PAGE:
Ketorolac, like other NSAIDs, may cause serious CV events, such as MI or stroke, which may result in hospitalization and even death. Although serious CV events can occur without warning symptoms, advise patients to be alert for the signs and symptoms of chest pain, shortness of breath, weakness, slurring of speech, and that they should ask for medical advice when observing any indicative sign or symptoms. Inform patients of the importance of this follow-up [see WARNINGS AND PRECAUTIONS].
Adverse Skin Reactions
Ketorolac, like other NSAIDs, can cause serious skin side effects such as exfoliative dermatitis, Stevens-Johnson Syndrome (SJS), and toxic epidermal necrolysis (TEN), which may result in hospitalization and even death. Although serious skin reactions may occur without warning, instruct patients to be alert for the signs and symptoms of skin rash and blisters, fever, or other signs of hypersensitivity such as itching, and should ask for medical advice when observing any indicative signs or symptoms. Advise patients to stop the drug immediately if they develop any type of rash, and contact their physicians as soon as possible [see WARNINGS AND PRECAUTIONS].
Weight Gain And Edema
Instruct patients to promptly report signs or symptoms of unexplained weight gain or edema to their physicians [see WARNINGS AND PRECAUTIONS].
Inform patients of the warning signs and symptoms of hepatotoxicity (e.g., nausea, fatigue, lethargy, pruritus, jaundice, right upper quadrant tenderness, and “flu-like” symptoms). If these occur, instruct patients to stop therapy and seek immediate medical therapy [see WARNINGS AND PRECAUTIONS].
Inform patients of the signs of an anaphylactoid reaction (e.g., difficulty breathing, swelling of the face or throat). If these occur, instruct patients to seek immediate emergency help [see CONTRAINDICATIONS, WARNINGS AND PRECAUTIONS].
Effects During Pregnancy
Avoid the use of SPRIX at or beyond 30 weeks gestation as ketorolac can cause premature closure of the ductus arteriosus [see WARNINGS AND PRECAUTIONS, Use In Specific Populations].
Single Day Container
Instruct patients not to use any single bottle of SPRIX for more than one day [see DOSAGE AND ADMINISTRATION].
Advise patients that they may experience transient, mild to moderate nasal irritation or discomfort upon dosing.
Carcinogenesis, Mutagenesis, Impairment Of Fertility
An 18-month study in mice with oral doses of ketorolac at 2 mg/kg/day (approximately 1.5 times the human systemic exposure at the recommended maximum IN dose of 31.5 mg qid, based on area-under-the-plasma-concentration curve [AUC]), and a 24-month study in rats at 5 mg/kg/day (approximately 0.8 times the human AUC) showed no evidence of tumorigenicity.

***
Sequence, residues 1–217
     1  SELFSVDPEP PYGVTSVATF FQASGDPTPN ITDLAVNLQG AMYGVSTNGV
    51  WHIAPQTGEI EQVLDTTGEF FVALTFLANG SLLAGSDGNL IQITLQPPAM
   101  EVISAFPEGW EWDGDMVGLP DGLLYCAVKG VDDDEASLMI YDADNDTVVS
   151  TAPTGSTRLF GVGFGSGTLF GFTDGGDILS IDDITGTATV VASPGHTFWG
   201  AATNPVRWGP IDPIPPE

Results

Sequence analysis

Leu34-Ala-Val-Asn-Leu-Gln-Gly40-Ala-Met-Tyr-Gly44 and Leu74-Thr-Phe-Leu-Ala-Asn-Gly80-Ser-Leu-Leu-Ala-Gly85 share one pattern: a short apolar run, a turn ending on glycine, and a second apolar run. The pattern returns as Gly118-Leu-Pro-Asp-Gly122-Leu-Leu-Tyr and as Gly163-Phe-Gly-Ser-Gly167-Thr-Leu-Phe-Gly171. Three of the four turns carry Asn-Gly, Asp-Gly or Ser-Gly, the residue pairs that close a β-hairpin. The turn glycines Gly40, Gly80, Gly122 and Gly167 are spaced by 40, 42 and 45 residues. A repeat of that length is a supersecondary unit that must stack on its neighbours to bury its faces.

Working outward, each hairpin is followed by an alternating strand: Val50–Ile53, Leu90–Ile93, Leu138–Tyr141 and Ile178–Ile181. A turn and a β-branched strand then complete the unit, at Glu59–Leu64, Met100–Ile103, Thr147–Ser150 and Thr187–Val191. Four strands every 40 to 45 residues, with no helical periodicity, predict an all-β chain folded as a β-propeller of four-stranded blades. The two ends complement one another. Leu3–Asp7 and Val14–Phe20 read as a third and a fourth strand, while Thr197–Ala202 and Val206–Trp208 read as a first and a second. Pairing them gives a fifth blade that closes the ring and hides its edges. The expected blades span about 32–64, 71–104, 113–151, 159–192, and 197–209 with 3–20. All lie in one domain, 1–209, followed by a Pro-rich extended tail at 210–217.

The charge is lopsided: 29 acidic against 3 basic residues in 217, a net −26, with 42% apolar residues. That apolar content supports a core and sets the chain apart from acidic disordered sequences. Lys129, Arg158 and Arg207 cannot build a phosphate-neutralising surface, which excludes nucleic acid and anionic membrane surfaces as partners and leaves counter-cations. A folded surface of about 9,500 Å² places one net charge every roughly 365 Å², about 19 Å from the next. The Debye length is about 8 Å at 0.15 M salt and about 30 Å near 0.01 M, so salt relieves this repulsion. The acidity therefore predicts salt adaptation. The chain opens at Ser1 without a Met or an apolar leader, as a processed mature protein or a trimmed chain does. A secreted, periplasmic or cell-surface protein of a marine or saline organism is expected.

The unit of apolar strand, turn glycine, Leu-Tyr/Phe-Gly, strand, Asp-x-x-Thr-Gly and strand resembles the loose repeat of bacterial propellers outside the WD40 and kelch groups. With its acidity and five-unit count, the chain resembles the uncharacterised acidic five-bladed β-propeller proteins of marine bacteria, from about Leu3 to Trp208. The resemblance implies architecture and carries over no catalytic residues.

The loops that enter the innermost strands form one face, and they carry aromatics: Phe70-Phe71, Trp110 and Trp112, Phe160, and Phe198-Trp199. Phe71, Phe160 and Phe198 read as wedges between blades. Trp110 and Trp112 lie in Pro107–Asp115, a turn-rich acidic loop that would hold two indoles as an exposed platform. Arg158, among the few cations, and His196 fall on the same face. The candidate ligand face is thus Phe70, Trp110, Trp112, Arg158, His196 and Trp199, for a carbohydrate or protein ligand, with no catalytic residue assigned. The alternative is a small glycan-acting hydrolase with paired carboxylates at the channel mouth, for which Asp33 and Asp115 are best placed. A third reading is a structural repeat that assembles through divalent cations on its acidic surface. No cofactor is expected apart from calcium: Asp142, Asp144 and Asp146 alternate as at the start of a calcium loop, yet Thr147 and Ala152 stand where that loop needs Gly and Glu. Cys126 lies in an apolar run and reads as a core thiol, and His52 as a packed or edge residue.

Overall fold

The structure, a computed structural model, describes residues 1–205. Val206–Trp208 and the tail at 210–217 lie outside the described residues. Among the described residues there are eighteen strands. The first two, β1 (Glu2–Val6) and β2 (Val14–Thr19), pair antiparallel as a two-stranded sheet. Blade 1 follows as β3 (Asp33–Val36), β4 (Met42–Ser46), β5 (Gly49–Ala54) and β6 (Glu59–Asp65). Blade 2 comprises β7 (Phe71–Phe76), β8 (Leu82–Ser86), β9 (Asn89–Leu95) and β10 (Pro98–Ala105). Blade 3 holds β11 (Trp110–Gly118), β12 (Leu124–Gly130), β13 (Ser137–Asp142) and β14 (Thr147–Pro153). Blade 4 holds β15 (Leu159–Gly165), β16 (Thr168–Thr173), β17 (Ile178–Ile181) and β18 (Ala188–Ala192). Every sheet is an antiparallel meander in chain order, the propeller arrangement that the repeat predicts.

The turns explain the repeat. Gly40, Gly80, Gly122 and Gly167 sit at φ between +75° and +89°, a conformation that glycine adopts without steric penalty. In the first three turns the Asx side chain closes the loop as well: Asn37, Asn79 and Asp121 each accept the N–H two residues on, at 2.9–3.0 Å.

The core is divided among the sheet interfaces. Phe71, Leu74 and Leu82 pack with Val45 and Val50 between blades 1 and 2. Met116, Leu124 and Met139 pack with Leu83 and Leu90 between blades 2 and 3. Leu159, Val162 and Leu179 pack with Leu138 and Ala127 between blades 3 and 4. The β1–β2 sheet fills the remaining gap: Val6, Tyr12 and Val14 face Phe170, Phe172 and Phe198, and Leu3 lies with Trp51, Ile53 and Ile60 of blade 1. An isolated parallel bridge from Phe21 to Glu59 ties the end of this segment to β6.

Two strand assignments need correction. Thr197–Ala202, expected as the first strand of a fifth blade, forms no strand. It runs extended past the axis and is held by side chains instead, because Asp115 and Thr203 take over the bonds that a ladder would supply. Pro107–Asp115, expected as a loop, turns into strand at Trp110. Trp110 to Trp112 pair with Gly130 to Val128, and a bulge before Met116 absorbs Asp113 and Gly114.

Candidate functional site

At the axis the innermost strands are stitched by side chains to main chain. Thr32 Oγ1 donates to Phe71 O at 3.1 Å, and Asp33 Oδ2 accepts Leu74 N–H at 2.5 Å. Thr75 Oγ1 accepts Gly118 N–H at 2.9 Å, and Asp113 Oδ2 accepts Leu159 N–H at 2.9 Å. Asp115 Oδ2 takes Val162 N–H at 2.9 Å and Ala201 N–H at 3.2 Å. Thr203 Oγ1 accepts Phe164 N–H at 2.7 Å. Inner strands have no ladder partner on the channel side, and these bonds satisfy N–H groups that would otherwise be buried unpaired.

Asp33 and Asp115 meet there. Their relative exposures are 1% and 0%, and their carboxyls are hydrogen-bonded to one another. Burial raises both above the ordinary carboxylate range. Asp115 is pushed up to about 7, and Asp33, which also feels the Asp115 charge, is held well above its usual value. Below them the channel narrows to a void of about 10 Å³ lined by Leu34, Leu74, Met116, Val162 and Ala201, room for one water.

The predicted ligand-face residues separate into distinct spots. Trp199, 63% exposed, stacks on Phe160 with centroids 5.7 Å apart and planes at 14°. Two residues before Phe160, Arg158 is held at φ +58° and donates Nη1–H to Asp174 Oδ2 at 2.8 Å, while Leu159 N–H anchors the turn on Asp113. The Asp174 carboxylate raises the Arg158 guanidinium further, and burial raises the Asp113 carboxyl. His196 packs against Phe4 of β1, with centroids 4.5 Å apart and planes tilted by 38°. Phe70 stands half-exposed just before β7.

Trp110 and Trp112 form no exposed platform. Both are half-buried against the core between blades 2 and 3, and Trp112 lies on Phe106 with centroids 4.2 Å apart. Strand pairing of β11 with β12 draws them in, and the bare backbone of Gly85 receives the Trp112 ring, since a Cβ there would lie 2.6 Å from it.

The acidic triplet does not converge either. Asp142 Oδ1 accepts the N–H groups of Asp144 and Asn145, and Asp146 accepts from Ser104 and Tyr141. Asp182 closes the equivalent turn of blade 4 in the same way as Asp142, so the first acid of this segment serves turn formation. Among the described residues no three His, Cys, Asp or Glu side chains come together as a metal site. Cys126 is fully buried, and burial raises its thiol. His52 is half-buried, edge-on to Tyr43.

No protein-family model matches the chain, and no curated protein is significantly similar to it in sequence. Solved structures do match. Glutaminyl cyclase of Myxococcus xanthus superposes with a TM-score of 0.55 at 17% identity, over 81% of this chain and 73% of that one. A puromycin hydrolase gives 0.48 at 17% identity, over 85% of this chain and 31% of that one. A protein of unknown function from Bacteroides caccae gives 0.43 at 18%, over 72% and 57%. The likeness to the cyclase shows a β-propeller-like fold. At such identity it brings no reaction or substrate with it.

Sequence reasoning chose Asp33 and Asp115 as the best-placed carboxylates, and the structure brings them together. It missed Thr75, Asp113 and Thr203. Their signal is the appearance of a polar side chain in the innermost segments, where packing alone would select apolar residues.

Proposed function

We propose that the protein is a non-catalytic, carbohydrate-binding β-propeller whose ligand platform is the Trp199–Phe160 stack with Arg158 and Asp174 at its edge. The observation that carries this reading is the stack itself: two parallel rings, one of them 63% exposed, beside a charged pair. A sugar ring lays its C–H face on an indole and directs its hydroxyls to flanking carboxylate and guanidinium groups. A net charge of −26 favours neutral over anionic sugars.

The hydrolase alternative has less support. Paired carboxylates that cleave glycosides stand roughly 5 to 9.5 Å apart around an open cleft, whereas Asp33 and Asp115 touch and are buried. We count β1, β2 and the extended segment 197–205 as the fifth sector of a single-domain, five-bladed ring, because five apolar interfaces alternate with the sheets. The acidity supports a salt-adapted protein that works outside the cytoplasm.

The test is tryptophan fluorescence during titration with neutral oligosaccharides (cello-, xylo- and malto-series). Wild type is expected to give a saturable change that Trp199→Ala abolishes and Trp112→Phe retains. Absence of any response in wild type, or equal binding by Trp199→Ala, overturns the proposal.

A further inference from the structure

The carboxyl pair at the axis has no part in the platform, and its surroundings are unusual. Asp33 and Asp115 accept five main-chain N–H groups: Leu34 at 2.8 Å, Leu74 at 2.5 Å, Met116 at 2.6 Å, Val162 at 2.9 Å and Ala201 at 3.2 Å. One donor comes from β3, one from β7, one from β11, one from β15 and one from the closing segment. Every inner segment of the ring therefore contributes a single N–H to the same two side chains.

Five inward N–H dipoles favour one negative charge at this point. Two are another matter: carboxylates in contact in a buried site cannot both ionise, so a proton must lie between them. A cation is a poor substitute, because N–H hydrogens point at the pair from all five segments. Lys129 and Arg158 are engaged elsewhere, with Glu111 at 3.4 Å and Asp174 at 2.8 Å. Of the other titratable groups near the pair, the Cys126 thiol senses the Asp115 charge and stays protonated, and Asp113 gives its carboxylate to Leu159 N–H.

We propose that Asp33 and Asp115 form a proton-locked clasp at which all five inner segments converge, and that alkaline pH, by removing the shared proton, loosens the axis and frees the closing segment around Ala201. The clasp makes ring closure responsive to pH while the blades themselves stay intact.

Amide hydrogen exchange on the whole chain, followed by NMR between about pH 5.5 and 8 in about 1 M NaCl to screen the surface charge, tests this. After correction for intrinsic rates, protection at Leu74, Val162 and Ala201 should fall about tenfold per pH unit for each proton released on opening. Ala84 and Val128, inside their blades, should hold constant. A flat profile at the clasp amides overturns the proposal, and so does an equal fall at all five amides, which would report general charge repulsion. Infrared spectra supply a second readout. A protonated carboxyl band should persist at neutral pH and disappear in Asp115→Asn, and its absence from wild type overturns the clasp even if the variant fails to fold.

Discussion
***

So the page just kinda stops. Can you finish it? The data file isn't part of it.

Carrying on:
Ketorolac was not mutagenic in the Ames test, unscheduled DNA synthesis and repair, or in forward mutation assays. Ketorolac did not cause chromosome breakage in the in vivo mouse micronucleus assay. At 1590 μg/mL and at higher concentrations, ketorolac increased the incidence of chromosomal aberrations in Chinese hamster ovarian cells.
Impairment Of fertility
Impairment of fertility did not occur in male or female rats at oral doses of 9 mg/kg (approximately 1.5 times the human AUC) and 16 mg/kg (approximately 2.7 times the human AUC) of ketorolac, respectively.
Use In Specific Populations
Pregnancy Category C prior to 30 weeks gestation; Category D starting at 30 weeks gestation.
SPRIX can cause fetal harm when administered to a pregnant woman. Human data demonstrate that use of NSAIDs at or after 30 weeks gestation increases the risk of premature closure of the ductus arteriosus. If SPRIX is used at or after 30 weeks gestation, the patient should be apprised of the potential hazard to a fetus. There are no adequate, well-controlled studies in pregnant women. Prior to 30 weeks gestation, SPRIX should be used during pregnancy only if the potential benefit justifies the potential risk to the fetus.
Reproduction studies have been performed during organogenesis using daily oral doses of ketorolac tromethamine at 3.6 mg/kg (0.6 times the human systemic exposure at the recommended maximum IN dose of 31.5 mg qid, based on area-under-the-plasma-concentration curve [AUC]) in rabbits and at 10 mg/kg (1.7 times the human AUC) in rats. These studies did not reveal evidence of teratogenicity or other adverse developmental outcomes. However, because animal dosing was limited by maternal toxicity, these studies do not adequately assess ketorolac's potential to cause adverse developmental outcomes in humans.
Labor And Delivery
The effects of SPRIX on labor and delivery in pregnant women are unknown. In rat studies, maternal exposure to NSAIDs, as with other drugs known to inhibit prostaglandin synthesis, increased the incidence of dystocia and delayed parturition, and decreased pup survival.
Ketorolac is excreted in human milk. Limited data from one published study involving ten nursing mothers 2-6 days postpartum showed low levels of ketorolac in breast milk. Levels were undetectable (less than 5 ng/mL) in 4 of the patients. After a single administration of 10 mg ketorolac, the maximum milk concentration observed was 7.3 ng/mL, and the maximum milk to plasma ratio was 0.037. After 1 day of dosing (10 mg every 6 hours), the maximum milk concentration was 7.9 ng/mL, and the maximum milk-to-plasma ratio was 0.025. Assuming a daily intake of 400-1000 mL of human milk per day and a maternal body weight of 60 kg, the calculated maximum daily infant exposure was 0.00263 mg/kg/day, which is 0.4% of the maternal weight adjusted dose. Exercise caution when administering SPRIX to a nursing woman. Available information has not shown any specific adverse events in nursing infants; however, instruct patients to contact their infant's health care provider if they note any adverse events.
The safety and effectiveness of ketorolac in pediatric patients 17 years of age and younger have not been established.
Exercise caution when treating the elderly (65 years and older) with SPRIX. Carefully consider the potential benefits and risks of SPRIX and other treatment options before deciding to use SPRIX. Use the lowest effective dose for the shortest duration consistent with individual patient treatment goals [see DOSAGE AND ADMINISTRATION, WARNINGS AND PRECAUTIONS, CLINICAL PHARMACOLOGY]. After observing the response to initial therapy with SPRIX, then adjust the dose and frequency to suit an individual patient's needs.This monograph has been modified to include the generic and brand name in many instances.
Last reviewed on RxList: 5/9/2016
Additional Sprix Information
- Sprix Drug Interactions Center: ketorolac nasl
- Sprix Side Effects Center
- Sprix FDA Approved Prescribing Information including Dosage
Report Problems to the Food and Drug Administration
You are encouraged to report negative side effects of prescription drugs to the FDA. Visit the FDA MedWatch website or call 1-800-FDA-1088.